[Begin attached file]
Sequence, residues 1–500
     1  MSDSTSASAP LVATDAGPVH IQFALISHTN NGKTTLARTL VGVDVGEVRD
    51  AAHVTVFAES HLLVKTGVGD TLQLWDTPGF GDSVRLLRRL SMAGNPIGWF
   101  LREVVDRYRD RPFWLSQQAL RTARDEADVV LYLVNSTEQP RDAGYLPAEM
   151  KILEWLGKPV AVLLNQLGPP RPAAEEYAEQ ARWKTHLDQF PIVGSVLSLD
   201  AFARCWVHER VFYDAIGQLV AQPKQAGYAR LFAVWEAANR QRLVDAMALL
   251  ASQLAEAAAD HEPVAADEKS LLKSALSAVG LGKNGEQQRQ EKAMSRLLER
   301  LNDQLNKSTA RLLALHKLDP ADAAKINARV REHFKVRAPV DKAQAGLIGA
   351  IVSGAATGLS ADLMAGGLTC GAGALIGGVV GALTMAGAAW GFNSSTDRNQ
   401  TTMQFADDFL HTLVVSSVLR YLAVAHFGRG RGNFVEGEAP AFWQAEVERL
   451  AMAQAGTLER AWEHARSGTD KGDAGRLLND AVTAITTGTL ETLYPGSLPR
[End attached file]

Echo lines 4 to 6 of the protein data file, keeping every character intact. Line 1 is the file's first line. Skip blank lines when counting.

   101  LREVVDRYRD RPFWLSQQAL RTARDEADVV LYLVNSTEQP RDAGYLPAEM
   151  KILEWLGKPV AVLLNQLGPP RPAAEEYAEQ ARWKTHLDQF PIVGSVLSLD
   201  AFARCWVHER VFYDAIGQLV AQPKQAGYAR LFAVWEAANR QRLVDAMALL